3-Dimensional structures of fragrance molecules
Let's look at a more complicated example, (‐)‐citronellol, which has a fresh, floral and clean rose smell and is used in perfumes and insect repellents. From the skeletal structure we can see that (‐)‐citronellol contains both alkene and primary alcohol functional groups. All the carbon atoms have a tetrahedral shape apart from the two carbon atoms in the carbon‐carbon double bond, which, like an aldehyde, are trigonal planar, or flat.
It is also interesting to look at the methyl group bonded to the tetrahedral carbon at position 3 of the carbon chain. You will see it is pointing towards us. The carbon atom at position 3 is distinctive because it is the only carbon bonded to four different groups – we call this an asymmetric or chiral centre.
Interestingly, there are two possible ways of arranging the four different groups at a chiral centre.
In (‐)‐citronellol, we have seen that the methyl group at position 3 points towards us, and the hydrogen points away from us. If these groups are arranged differently, and the –CH3 is pointing away from us, the molecules are non‐identical structures with different shapes – indeed, when the methyl group is pointing away from us, we call it (+)-citronellol.
The use of (+) and (‐) indicates that they rotate a special form of light, called plane‐polarized light, in different directions. Often R or S, in brackets, is also included at the start of a name to indicate how the groups are arranged around a chiral centre – assignment of R or S is taught in our first year degree course.
If you spin around (R)‐(+)‐citronellol and compare this to (S)‐(‐)‐citronellol you will see that they are non‐identical mirror images – the mirror images cannot be arranged in space so that all of the atoms in both structures overlap – we say they are non‐superimposable and we call them enantiomers (also known as optical isomers).
This can be tricky to visualise, so, to help, let's think of our hands. Hands are chiral – a left hand is a mirror image of a right hand. Left and right hands are not superimposable – when placed side by side the fingers and thumbs point in opposite directions. This is just the same for (S)‐(‐)‐citronellol and (R)‐(+)‐citronellol, where the methyl groups point in opposite directions.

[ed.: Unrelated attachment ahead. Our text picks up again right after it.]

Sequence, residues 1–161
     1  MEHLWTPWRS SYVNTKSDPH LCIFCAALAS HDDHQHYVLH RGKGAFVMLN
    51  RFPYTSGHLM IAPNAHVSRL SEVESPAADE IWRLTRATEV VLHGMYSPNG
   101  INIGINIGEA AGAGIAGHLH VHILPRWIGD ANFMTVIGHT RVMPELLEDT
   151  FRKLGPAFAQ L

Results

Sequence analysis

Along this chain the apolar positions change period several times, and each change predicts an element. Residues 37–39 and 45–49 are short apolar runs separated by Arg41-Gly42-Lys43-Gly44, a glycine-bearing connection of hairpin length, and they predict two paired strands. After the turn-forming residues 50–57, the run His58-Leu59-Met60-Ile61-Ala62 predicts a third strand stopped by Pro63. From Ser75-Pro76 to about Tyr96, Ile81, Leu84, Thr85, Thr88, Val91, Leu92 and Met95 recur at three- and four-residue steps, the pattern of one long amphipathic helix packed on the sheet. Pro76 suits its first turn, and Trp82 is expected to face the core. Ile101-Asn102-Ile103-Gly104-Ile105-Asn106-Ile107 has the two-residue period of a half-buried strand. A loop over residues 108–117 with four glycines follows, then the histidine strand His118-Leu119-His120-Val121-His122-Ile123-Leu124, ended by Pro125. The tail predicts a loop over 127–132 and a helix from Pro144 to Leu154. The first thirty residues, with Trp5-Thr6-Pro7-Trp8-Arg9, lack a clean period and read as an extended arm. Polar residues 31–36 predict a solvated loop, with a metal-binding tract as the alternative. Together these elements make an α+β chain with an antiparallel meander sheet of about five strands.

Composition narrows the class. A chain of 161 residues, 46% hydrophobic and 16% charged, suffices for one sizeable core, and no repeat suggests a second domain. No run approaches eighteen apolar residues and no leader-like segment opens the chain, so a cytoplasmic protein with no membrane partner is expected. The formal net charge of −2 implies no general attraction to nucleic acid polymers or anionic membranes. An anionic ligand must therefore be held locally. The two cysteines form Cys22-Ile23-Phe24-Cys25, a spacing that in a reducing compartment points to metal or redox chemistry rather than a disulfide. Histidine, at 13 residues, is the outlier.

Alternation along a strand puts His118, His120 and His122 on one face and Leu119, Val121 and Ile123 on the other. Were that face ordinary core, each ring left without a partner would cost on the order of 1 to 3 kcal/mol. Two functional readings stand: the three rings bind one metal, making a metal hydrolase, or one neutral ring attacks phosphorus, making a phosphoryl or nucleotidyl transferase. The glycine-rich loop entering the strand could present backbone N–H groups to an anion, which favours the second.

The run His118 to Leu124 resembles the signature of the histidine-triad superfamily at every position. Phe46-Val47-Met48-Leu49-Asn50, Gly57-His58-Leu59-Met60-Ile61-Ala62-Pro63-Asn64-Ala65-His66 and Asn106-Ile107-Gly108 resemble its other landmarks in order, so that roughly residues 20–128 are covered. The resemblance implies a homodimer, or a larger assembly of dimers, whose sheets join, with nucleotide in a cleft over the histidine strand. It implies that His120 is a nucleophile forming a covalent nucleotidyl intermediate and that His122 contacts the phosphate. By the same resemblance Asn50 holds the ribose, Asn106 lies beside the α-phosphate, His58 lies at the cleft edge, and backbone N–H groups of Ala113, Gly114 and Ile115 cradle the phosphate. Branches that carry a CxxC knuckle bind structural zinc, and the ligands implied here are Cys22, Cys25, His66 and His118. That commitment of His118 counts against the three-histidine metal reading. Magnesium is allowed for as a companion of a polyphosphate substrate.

As enantiomers have different shapes they can have different biological properties – for example, the two different enantiomers of citronellol have different smells. So, it is very important to draw the structure of an enantiomer correctly.
Enantiomers and medicine
The different biological properties of enantiomers is important for the pharmaceutical industry. For example, one enantiomer (the S isomer) of penicillamine is a potent anti-arthritic agent, but the other enantiomer (the R isomer) is highly toxic. Perhaps the most high-profile and startling example of the difference in activity between enantiomers is thalidomide. In the 1950s and early 1960s, this drug was seen as a remedy for treating morning sickness in pregnant women, and indeed one enantiomer (the R isomer) reliably had this effect. Unfortunately, the other enantiomer (the S isomer), has been associated with severe birth defects. Despite its chequered history, you may have read that thalidomide is being investigated as a potential COVID-19 treatment. Evidence shows thalidomide may protect the lungs by reducing the body’s inflammatory response, preventing damage of lung tissues and controlling the immune system.
Enantiomers and food
Fans of french fries might like to know that the molecules responsible for the flavour (from potatoes deep-fried in beef tallow-hydrogenated vegetable oil mixtures) arises from carboxylic acids. This includes 2-methylbutanoic acid, CH3CH2CH(CH3)CO2H – interestingly, whereas the S isomer smells sweet/fruity, the R isomer has a cheesy/sweaty aroma! Similarly, in mushrooms, the major odourant is 1-octen-3-ol, CH3(CH2)4CH(OH)CH=CH2, or ‘mushroom alcohol’. Whereas the R isomer exhibits the aroma of fresh mushrooms, the S isomer has a musty, grassy aroma. So, not surprisingly, mushrooms produce predominantly the R enantiomer. Another example of how different enantiomers can interact differently with our bodies. Food for thought…
If you would like to learn more about enantiomers you may find this YouTube clip of use.
This is an additional video, hosted on YouTube.
Why is R/S preferable to (+)/(-)?
Imagine I drew a single enantiomer of citronellol and asked you to assign which enantiomer it is. Unless you memorised whether it was (+) or (-) how could you work it out? Without using a polarimeter to measure the angle of rotation of plane polarised light, you could not. What you need is a naming system that allows you to work out what enantiomer it is just by looking at the structure, and which also allows you to draw the correct structure of the enantiomer simply from its name. This is what the R and S system (sometimes called CIP nomenclature) allows. This system ranks the four atoms or groups bonded to a chiral carbon atom - from this, you can assign the enantiomer as R or S. The R and S system is not related to the (+) or (-) sign of the optical rotation. For example, let’s look at two amino acids, serine and tyrosine. Whereas (S)-serine has a positive optical rotation, (S)-tyrosine has a negative value.
Don't worry if you don't feel completely comfortable with all the terminology in this step, which is a challenging one. To spot chiral centres, look at the groups bonded to each carbon atom - if a carbon is bonded to four different groups it is a chiral centre - to help identify and compare the groups, it may be useful to draw out all of the bonds and atoms. You can check out our pictorial glossary to help familiarise yourself with the concepts and for new examples that might make everything a bit clearer.
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